Today, I shall take a detour from the world of comic books with the topic du jour — but let’s say that the comic book industry can continue to grow and prosper by taking a hard look at what went down with disgraced NFL head coach, Jon Gruden.
Just before the turn of the century, I was a fresh-faced college kid, taking classes toward my journalism degree at a state school and waiting tables at a TGI Friday’s in Pleasanton, Calif. That’s the first time I encountered Oakland Raiders head coach, Jon Gruden. He came to the restaurant with his wife, Cindy, and two young boys, Deuce and Jayson. I brought food to his table, I helped him order some extra goodies for his little boys and we had a nice chat about my lifelong passion for all things Raiders. His wife complemented the Raiders buttons I wore on my ridiculous work uniform.
What struck me most about that first encounter was the way he greeted me on the way out of the restaurant. I held the door open for his family and he came right at me, smiled and thanked me, then he did what only a football coach would do to one of his players. He gave me a strong, stiff pat on my side, just below the ribs, just above my hip - a soft spot reserved for coaches and players to show affection in the manliest of ways. I knew this gesture so well, having played and coached organized football, and staying close to it as a young professional. He made me feel like a player again — I was energized and mesmerized, like Marcia Brady vowing never to wash her cheek again.
The next time I met Coach Gruden was at his first training camp at the helm of the legendary silver and black, held at the Napa Valley Marriott in the Northern California’s wine country. I was a cub reporter, filing a training camp special for my college TV station. Upon entering the walls of the practice field, Gruden’s voice boomed across the practice fields. “I need Charles Woodson on punt return!” “This isn’t the Peach Bowl now, this is the N-F-L!” My camera man and I were entranced by this Napoleonic figure dominating everything in his path.
After practice, he was gracious enough to grant me a 1:1 interview, which was a big deal, but I was so green I didn’t even know how coveted this was. He was kind and gracious, answered all of my questions in a very down-to-earth way. After we finished the interview, he looked me in the eye, shook my hand, and said “nice to meet you, Omar.” I didn’t dare tell him we’d met earlier that summer at TGI Friday’s.
My third encounter with Gruden during his first year with the Raiders was in the TV studios of KRON-TV 4 in San Francisco, where I was a sports intern, working a couple of shifts per week for school credit and parking money. Gruden was the guest of legendary sportscaster Gary Radnich, on his popular Sunday-night sports interview show. The rookie head coach was so new to the spotlight, he had a hard time looking at the right cameras at the right time under the glare of the studio lights. He was charismatic, but he was far from polished as a TV personality. Again, the coach was kind and warm me to me, an intern with no name and no pelts on the wall. In that setting I was reserved and professional, as it was frowned upon to ask for photos or autographs inside the hallowed walls of an NBC affiliate station.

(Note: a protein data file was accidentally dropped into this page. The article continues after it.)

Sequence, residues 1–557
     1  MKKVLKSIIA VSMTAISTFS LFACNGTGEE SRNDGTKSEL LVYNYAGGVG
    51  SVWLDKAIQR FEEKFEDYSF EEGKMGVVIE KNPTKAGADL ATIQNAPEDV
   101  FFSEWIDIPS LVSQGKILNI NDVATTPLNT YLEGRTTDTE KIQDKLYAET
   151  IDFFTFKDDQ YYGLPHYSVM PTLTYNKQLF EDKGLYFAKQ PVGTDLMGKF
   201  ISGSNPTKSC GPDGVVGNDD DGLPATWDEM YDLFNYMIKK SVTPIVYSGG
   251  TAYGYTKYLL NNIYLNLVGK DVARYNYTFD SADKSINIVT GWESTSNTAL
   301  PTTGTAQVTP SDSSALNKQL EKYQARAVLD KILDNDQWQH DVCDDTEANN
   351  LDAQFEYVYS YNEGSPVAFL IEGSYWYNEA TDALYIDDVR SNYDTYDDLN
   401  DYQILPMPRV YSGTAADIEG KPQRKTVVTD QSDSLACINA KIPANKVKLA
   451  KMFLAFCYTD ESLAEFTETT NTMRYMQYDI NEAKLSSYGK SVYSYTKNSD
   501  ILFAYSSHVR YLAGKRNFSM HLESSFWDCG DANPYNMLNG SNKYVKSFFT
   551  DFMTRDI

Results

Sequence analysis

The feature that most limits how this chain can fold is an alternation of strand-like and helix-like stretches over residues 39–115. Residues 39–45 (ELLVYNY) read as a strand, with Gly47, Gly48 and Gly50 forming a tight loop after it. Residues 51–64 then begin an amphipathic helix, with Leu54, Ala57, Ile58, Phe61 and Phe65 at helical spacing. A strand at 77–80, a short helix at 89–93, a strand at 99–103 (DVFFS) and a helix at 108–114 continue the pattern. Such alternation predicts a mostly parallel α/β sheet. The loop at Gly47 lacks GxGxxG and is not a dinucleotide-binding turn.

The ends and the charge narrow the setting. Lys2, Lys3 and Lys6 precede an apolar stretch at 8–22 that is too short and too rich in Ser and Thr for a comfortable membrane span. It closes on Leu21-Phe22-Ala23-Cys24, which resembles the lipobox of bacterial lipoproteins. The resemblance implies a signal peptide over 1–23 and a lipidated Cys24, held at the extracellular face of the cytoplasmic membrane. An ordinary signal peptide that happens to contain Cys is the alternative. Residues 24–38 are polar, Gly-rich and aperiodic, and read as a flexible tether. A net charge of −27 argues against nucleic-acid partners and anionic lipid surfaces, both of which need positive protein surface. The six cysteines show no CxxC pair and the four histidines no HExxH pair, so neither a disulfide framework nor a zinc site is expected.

This was the beginning of the end of Gruden, the approachable and affable young coach. He quickly became a media sensation, appearing on the cover of People magazine and sitting on Jay Leno’s couch on late-night TV.
By the time I returned to training camp in Napa a few years later, now a full-time reporter at a local cable TV station, I could see that the man had hardened. In the gang-bang style media interview session after practice where he was swarmed with microphones and cameras, I noticed a marked difference. The warmth and the light in his eyes was gone - they were lifeless and cold. He answered questions with disdain and impatience. I chalked this up to the wear and tear of being under the iron fist of Raiders owner, the late great Al Davis.
I started hearing rumors about a rift between him and Davis. A rift fueled by jealousy of Gruden’s popularity but also swirling gossip about a courtship from college teams like Notre Dame and Florida. There were also whispers that Gruden was carrying on an affair with a young Raiderette cheerleader at the Oakland Airport Hilton, a hotel where Davis roamed the halls like a nocturnal crypt keeper and where Davis ultimately died. This affair with the cheerleader was allegedly happening at the time his wife (a former college cheerleader) was pregnant with their third son, Michael.
Many years later, Tom Cable became the head coach of the Raiders and was publicly disgraced as someone who beats women. Davis held a press conference where he strongly hinted toward something about Gruden. Without naming him, he said he’d already dealt with this sort of issue before, with a previous head coach “who you all thought was great,” and who had a domestic disturbance involving the police at his home. Davis took the details of that innuendo to his grave in the Oakland hills.
By all accounts, Gruden became insufferable after he won the Super Bowl as head coach of the Tampa Bay Buccaneers in January of 2003. Now divorced from taskmaster Davis and the Raiders, he ran roughshod over the Tampa Bay ownership and general manager, Rich McKay. Gruden brazenly took his players to Hooters in the offseason and held court among the chicken wings, beer, and tank tops. Tampa Bay eventually fired Gruden after losing to Cable and the Raiders on the final game of the 2008 season.